I think (and others seem to agree on this) the most evil people in the book are the parents who gave their depressed son his older brother’s suicide weapon (THE gun, not just a gun like it) for his birthday. WTF?!? Anyone who would do such a thing to their own child is seriously deranged.
The cases, while all riveting and drawing you in like mini novels (or bad soaps?), don’t really give the reader a clear view of what evil actually is, and certainly not how it should be addressed. Dr. Peck seems at a loss as to what to do, and his last chapter on exorcism is a little over the top although fascinating to read. Peck believes exorcism can be performed effectively by psychiatrists who are well couched in the techniques (basically a classic rite as was seen in the 1973 movie The Exorcist) who also have a strong relationship to God (not necessarily of the born again Christian variety) and a strong enough character to resist the actions and manipulations of evil spirits or demons as they begin to resist the exorcism.
One of the best chapters of the book was the chapter on group evil (describing in the Mai Lai massacres in Vietnam during the ’60s. Peck explains how a group of people, not necessarily at all evil themselves, can be drawn into performing heinous crimes as a group. This is a well known theory–crowds will often behave in ways individuals within that crowd never would, especially if coerced by narcissistic or evil leaders. This is exactly what happened in Germany and Europe under Hitler in WW2 and probably what happened with Mai Lai as well.
I’ve had my copy of POTL for many years, and have read it or parts of it many times over. I still find it useful and was able to identify my mother as an evil person based on what I read. For all its faults, POTL is a must read for anyone interested in malignant narcissism or involved with a person with this character disorder, even if just for its historical perspective on this disorder that has become increasingly prevalent in the pathologically narcissistic and compassion-deficient modern world we are living in today.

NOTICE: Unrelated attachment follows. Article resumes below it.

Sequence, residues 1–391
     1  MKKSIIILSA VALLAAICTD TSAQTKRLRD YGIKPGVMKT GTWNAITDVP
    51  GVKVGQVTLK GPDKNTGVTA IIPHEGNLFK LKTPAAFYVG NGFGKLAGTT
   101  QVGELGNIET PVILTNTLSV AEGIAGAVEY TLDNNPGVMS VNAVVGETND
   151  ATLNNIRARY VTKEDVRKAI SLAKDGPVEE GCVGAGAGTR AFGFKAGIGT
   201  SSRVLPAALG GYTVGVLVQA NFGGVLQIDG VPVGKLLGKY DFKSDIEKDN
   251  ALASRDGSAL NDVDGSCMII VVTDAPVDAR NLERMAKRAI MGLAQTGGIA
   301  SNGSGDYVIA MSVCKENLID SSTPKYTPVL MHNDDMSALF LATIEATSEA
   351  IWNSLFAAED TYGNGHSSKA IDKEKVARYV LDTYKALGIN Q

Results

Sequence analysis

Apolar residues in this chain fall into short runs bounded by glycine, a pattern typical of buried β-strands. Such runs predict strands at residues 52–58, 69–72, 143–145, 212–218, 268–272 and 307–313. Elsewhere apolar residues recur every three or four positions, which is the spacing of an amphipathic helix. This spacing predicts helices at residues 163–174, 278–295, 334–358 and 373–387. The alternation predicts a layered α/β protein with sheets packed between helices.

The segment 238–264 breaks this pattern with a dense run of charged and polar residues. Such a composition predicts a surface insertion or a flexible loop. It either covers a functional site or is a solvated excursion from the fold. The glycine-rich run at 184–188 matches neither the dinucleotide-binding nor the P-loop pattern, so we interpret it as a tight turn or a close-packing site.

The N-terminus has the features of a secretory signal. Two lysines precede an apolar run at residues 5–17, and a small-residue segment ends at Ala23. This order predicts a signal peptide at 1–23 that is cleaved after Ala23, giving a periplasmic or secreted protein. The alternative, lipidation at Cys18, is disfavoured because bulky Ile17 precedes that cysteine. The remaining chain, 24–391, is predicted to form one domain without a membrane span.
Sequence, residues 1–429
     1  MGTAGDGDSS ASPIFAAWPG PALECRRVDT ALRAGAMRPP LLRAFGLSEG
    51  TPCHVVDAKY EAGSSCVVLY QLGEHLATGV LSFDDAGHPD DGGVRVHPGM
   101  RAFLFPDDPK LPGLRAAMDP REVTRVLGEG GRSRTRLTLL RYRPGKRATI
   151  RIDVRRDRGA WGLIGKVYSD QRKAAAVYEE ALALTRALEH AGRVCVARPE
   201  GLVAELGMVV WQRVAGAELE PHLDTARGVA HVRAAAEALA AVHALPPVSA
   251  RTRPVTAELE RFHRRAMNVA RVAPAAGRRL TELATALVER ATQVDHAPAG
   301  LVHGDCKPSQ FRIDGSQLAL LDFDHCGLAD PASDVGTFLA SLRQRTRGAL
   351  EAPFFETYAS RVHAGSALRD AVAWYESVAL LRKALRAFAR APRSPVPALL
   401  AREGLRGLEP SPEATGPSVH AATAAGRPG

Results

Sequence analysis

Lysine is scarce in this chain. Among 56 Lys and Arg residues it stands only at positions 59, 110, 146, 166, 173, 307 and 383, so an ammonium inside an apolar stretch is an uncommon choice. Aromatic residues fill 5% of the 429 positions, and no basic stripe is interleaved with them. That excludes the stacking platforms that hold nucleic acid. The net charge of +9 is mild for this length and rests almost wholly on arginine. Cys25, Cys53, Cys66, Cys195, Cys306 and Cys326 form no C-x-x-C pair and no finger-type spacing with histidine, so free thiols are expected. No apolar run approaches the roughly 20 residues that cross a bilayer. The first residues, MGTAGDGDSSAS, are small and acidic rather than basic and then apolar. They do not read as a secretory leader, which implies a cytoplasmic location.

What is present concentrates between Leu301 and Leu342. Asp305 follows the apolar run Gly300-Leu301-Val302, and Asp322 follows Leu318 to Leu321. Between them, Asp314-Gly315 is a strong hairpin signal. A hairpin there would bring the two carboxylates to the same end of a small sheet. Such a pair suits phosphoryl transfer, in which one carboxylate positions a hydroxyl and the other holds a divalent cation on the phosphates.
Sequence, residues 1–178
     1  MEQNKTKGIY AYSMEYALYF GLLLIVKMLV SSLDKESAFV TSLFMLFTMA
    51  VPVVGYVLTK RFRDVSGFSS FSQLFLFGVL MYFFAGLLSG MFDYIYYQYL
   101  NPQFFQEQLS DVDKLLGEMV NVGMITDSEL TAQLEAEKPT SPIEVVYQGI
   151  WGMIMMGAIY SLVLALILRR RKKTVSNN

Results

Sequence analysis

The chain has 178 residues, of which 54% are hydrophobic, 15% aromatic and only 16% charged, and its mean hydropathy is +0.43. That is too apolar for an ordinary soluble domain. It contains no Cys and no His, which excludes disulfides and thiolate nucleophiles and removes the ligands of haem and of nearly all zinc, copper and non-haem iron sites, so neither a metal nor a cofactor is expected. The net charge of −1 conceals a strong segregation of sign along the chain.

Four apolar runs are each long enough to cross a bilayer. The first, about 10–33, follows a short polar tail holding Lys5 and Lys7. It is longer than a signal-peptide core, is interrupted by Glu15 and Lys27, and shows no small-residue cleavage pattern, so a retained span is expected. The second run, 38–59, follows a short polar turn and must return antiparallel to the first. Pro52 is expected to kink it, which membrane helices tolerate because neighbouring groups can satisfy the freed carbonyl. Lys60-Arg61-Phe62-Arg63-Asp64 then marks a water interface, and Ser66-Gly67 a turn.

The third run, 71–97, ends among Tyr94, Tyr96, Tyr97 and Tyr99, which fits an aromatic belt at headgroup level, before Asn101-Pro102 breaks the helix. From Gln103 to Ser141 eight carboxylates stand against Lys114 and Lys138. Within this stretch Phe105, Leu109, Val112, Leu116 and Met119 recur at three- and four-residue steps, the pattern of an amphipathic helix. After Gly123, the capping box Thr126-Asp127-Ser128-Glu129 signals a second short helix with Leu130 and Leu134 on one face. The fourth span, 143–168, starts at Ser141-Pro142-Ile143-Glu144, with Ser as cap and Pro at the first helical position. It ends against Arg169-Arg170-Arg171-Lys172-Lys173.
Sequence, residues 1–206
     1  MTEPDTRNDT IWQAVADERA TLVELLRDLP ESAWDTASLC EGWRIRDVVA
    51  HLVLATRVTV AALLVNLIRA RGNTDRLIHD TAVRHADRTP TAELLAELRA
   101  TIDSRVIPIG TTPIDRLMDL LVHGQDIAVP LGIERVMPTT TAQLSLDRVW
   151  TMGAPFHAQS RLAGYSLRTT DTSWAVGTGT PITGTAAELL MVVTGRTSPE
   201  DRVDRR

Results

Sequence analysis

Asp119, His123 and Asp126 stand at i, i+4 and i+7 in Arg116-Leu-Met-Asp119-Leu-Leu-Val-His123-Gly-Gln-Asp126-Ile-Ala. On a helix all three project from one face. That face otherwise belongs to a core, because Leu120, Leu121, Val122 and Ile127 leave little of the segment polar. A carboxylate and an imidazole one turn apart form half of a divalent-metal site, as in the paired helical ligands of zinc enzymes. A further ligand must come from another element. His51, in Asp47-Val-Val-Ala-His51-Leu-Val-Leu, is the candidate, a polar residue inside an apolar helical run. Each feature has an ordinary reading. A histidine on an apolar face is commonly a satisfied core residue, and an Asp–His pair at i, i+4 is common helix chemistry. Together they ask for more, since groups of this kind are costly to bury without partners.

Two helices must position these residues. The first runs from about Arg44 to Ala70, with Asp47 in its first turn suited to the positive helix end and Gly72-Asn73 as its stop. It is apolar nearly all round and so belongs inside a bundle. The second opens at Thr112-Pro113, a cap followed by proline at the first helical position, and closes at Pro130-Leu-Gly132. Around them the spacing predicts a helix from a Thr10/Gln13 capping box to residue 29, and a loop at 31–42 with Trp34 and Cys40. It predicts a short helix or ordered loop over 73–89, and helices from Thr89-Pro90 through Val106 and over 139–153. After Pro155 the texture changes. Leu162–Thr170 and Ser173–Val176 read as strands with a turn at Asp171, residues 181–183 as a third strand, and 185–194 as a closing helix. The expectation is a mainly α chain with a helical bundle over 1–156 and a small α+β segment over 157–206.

Peck is himself a born again Christian, and even though there are definite religious overtones in POTL, he doesn’t bash you over the head with his beliefs, or overwhelm the reader with biblical references. I respect Peck’s religious beliefs, as I respect all religious beliefs, and although I may not agree with all of them and the book comes off at times a bit judgmental, I appreciate the fact he retains primarily the psychiatric and scientific, rather than the religious, perspective in this book. It’s a fascinating way to look at the problem of evil, which I definitely believe exists and is a powerful force, even though I’m not sure it’s driven by an entity called “Satan,” evil spirits, or just a manifestation of the primitive reptilian brain of those who are missing the higher parts of the brain that allow them to develop a conscience and true feelings of love for their fellow humans.
“People of the Lie” is much better than Peck’s later work on the subject of human evil, “Glimpses of the Devil,” his 2005 expansion on the subject, which goes into greater detail on the two exorcisms Peck performed and described briefly in POTL, but has far more blatant Christian overtones and is frankly a creepy and disturbing read and not as comprehensive and scientific as POTL. Still worth a read if you’re into that sort of thing.